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    Quote Originally Posted by ZERO25 View Post
    Thanks for the info!

    That explains alot. I have heard Mike and Kirk Loudy claim an auto smasher was more accurate due to the shock and spring on a car was in constant motion as well!

    How could they be so wrong, esp Kirk? smh

    Side note......when I make a post about a video, obviously i have paraphrased their words. Theyre not mine! Dont shoot the messenger, just post why you disagree and why!
    As a guy who spent half his life working for a high end testing laboratory, and has a racing and an engineering background, I'm going to tell you it's terrible measurement practice. Springs are displacement dependent. You measure the loads at a static point. Shocks are velocity dependent. You measure them with a shock dyno. Now, you need to know what your forces are on the car, you add the travel forces and speed forces together for the correct moment in time on the track.

    I apologize if I can across as a jerk, but I honestly couldn't understand what you were trying to say about the video. And without being able to watch it, I had to surf FB and piece the story together.
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  14. #14
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    He ran the test to 2.5 inches of compression, wouldnt that be a static measurement?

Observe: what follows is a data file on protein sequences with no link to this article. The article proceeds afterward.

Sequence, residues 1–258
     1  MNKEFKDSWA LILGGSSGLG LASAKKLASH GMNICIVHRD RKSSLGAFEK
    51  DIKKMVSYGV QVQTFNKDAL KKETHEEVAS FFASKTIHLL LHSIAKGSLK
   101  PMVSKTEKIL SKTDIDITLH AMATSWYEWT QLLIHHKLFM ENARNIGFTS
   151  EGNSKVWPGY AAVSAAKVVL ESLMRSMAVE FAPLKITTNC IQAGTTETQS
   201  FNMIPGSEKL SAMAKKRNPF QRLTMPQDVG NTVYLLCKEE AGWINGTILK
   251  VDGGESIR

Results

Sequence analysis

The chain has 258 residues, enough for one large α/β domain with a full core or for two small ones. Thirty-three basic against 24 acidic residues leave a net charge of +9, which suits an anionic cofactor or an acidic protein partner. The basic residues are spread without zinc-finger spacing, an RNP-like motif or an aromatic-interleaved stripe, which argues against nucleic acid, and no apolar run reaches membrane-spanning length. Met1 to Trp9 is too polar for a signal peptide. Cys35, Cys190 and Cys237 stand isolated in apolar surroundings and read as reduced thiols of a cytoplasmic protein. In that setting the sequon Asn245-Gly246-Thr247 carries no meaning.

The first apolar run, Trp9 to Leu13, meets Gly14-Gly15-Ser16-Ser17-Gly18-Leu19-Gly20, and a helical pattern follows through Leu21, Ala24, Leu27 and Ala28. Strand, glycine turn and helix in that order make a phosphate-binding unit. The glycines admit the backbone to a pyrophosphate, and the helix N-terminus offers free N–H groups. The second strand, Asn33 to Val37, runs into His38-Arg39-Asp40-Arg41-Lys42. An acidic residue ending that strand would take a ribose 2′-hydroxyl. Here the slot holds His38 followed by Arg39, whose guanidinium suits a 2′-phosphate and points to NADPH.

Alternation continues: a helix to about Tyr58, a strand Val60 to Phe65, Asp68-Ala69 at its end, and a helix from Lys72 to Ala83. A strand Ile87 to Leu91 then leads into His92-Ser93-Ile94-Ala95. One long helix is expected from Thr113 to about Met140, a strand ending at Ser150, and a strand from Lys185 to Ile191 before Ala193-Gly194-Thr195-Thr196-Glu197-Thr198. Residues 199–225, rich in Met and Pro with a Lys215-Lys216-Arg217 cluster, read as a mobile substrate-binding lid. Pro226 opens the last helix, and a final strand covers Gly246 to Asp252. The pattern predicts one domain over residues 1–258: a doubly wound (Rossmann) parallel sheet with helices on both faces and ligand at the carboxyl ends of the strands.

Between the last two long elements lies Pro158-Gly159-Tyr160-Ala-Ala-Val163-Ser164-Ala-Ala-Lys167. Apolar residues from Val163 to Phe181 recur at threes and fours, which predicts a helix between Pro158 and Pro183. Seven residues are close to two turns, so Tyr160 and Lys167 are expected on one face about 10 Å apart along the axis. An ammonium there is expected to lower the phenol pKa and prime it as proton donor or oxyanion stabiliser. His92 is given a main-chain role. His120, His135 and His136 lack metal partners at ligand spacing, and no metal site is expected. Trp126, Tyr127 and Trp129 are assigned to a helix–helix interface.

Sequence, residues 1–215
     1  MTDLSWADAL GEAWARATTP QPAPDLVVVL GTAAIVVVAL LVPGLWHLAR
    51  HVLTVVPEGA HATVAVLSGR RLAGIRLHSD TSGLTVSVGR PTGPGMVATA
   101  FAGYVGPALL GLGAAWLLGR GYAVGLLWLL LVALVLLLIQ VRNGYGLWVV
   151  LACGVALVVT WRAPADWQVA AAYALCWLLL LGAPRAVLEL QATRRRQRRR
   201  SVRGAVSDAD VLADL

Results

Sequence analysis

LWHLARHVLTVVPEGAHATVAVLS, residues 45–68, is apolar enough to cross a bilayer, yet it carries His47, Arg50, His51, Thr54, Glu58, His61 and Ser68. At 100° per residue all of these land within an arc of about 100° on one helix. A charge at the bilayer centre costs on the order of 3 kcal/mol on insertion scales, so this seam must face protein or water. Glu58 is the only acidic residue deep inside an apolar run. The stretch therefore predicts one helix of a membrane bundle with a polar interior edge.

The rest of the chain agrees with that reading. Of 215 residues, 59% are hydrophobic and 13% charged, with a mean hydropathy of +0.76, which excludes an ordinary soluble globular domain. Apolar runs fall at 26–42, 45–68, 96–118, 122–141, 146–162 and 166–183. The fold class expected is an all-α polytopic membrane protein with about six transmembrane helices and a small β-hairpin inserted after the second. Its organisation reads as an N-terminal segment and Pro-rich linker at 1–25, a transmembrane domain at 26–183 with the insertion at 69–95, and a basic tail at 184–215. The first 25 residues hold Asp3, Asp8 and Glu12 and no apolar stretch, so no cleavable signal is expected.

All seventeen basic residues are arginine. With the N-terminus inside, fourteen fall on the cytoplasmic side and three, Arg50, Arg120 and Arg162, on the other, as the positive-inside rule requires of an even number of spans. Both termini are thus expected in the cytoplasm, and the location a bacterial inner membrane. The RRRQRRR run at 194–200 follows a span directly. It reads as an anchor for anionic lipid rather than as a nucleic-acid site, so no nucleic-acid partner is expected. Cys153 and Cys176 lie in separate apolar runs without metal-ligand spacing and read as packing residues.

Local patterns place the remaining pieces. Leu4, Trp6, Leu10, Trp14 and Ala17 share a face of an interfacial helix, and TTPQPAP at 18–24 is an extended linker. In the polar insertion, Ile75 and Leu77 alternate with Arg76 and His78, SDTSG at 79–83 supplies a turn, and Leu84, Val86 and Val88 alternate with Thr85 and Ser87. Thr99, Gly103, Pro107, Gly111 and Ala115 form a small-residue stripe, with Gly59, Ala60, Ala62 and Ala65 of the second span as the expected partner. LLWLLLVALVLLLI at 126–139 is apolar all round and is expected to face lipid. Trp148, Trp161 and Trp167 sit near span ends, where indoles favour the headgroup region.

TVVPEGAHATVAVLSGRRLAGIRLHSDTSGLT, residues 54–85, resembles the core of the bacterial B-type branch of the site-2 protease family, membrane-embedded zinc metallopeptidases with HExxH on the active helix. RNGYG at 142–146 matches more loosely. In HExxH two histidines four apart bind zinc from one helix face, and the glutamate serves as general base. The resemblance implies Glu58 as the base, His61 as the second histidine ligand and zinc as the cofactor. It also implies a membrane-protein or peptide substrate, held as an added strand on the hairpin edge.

Ill loan you the $9.99 to watch all their videos for a month......so we/i can get the real info! lol

  15. #15
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    Quote Originally Posted by ZERO25 View Post
    He ran the test to 2.5 inches of compression, wouldnt that be a static measurement?

    Ill loan you the $9.99 to watch all their videos for a month......so we/i can get the real info! lol
    If he stopped the machine and then recorded his number, yes.
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  16. #16
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    It appears they took that video down

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    Quote Originally Posted by MasterSbilt_Racer View Post
    If he stopped the machine and then recorded his number, yes.
    So, would that make his test accurate then?

    Whats the difference in construction of the two different smashers? I was told the standard machine uses an electric trailer jack!

  18. #18
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    Quote Originally Posted by ZERO25 View Post
    So, would that make his test accurate then?

    Whats the difference in construction of the two different smashers? I was told the standard machine uses an electric trailer jack!
    I have a standard manual machine with a trailer jack actuator.

    Higher end machines have electric actuators that are a ball screw with brakes.

    Before I left my testing job, I used a servo hydraulic fatigue testing machine that was computer controlled and cost about 70k.
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  19. #19
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    video is now gone - i watched it Friday

  20. #20
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    So his test was accurate, since he had stopped the smasher at 2.5 inches?